Diver explains how he freed himself of great white shark
Bernard Williams, 46, played hide and seek with the 11ft shark, sheltering in rock crevices and trying to evade his attacker while blinded by clouds of his own blood in the water.
The father of three was diving for crayfish about three miles off a beach near Perth when he was attacked on Sunday.
The great white attacked him from behind, biting his left arm. It was prevented from doing further damage when Mr Williams poked it in the nose with his spear gun - an experience he likened to "jabbing a lump of steel".
"I just felt like I'd been hit by a truck on the side. . . and there was a very large shark head hanging off my arm, trying to chew it.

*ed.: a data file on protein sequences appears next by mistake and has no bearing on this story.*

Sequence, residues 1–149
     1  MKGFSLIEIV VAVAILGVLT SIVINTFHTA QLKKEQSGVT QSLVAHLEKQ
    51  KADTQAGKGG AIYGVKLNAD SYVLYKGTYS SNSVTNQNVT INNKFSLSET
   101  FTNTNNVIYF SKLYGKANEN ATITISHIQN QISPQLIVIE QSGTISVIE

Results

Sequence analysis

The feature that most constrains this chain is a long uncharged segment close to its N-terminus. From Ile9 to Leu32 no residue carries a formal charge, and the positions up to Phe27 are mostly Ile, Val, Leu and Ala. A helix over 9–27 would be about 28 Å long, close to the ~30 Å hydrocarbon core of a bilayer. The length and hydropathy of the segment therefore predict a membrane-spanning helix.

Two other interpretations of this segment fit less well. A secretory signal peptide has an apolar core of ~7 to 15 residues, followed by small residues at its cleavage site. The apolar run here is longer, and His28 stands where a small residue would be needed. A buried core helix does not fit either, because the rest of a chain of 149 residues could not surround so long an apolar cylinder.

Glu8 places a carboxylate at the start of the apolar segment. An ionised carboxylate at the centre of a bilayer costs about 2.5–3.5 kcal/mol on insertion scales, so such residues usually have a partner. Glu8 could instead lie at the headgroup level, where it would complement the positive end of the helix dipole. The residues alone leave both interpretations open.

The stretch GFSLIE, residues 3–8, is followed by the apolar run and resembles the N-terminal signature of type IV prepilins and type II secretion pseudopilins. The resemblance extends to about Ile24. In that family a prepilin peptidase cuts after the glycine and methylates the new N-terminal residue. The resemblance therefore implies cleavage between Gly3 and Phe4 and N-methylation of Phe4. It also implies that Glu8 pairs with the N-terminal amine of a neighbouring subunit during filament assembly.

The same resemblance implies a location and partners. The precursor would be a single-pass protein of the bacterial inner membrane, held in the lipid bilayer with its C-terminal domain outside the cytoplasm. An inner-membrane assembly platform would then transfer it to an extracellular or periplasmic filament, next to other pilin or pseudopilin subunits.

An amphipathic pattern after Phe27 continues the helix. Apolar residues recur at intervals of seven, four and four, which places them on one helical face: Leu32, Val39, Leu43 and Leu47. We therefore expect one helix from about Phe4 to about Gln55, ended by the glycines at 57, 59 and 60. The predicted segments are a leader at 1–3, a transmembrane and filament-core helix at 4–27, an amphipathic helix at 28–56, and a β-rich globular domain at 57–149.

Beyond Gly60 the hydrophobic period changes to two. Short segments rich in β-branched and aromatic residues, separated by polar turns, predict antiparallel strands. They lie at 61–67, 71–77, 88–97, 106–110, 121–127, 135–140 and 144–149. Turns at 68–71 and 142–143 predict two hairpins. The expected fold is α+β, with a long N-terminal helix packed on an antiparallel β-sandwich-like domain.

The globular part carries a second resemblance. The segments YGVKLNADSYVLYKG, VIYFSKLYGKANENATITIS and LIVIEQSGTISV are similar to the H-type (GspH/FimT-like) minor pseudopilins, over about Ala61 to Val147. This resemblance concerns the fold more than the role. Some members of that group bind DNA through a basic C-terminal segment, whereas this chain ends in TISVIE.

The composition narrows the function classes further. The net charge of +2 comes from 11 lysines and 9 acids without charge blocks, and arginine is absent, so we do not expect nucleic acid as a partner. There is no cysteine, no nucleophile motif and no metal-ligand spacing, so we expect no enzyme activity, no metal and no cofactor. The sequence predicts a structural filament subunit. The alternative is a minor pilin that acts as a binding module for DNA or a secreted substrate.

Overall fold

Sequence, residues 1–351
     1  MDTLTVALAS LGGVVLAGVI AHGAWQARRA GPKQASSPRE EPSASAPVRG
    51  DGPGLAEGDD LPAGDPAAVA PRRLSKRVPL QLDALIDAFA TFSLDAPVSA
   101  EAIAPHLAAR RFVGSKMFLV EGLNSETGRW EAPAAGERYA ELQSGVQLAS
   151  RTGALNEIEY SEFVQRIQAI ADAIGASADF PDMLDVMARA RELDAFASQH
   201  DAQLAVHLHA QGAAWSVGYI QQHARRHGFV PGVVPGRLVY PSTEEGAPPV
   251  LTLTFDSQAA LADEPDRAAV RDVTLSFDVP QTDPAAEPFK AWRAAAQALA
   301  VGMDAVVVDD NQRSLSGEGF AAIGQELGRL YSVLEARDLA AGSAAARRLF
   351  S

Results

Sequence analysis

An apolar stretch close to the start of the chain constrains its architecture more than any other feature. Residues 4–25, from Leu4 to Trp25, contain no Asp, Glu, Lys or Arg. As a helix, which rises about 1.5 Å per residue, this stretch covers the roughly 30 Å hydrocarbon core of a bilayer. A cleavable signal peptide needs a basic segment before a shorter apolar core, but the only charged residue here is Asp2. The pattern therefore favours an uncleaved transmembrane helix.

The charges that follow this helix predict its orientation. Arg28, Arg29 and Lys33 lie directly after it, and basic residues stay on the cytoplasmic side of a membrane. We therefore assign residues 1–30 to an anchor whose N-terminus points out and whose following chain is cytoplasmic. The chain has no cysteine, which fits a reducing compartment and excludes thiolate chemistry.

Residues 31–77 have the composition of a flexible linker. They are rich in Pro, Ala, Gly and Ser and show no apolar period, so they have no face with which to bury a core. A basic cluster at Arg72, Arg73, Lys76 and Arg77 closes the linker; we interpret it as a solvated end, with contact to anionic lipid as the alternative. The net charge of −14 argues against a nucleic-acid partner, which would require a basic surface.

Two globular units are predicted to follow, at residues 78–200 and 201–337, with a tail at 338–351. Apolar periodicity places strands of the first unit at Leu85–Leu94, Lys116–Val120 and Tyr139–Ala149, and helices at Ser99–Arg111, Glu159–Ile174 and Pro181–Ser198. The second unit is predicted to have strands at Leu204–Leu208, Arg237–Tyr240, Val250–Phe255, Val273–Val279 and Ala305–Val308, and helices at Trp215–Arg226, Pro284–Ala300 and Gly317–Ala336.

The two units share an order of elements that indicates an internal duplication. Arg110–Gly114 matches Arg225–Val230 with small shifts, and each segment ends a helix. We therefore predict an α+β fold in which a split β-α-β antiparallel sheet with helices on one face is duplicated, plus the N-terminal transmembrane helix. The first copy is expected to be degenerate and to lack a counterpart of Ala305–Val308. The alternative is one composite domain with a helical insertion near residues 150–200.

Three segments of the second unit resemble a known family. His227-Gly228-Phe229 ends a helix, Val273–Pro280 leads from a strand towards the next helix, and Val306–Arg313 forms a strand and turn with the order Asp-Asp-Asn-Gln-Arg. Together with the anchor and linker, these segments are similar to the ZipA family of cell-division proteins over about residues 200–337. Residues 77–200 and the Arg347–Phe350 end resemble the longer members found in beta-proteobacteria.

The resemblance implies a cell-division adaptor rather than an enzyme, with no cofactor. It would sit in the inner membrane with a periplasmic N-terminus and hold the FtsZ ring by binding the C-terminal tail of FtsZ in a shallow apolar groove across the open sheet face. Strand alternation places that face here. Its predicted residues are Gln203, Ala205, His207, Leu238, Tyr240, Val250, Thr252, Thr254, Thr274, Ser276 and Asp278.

"I was dragged along and shook up a little bit and that's when it punctured my arm. It was a lot longer than me and it would have been half a metre across the head with a lot of teeth."
When the shark released him and turned to take another bite, Mr Williams dived deep, hiding in a gap in the reef.
"I kept losing that much blood in the water that I kept losing sight of it. I had to keep moving from hole to hole to get a better view of it. It was the biggest shark I've seen in 20 years of diving."
Two fellow divers came to his aid and the shark disappeared, possibly deterred by the electronic repellent device worn by one of the men. The three divers were picked up by a fishing boat and Mr Williams was taken to hospital, where doctors treated deep gashes in his arm.
Mr Williams resolved to dive again but only after buying a shark repellent prod, which are increasingly popular among divers and surfers.
Ten days ago a student, Sarah Whiley, 21, was killed in chest-high waters after being attacked by up to three bull sharks off North Stradbroke Island in Queensland.
She died of shock and heavy blood loss after the sharks ripped off both her arms.
She was the tenth person to be killed by sharks in Australia since 2000.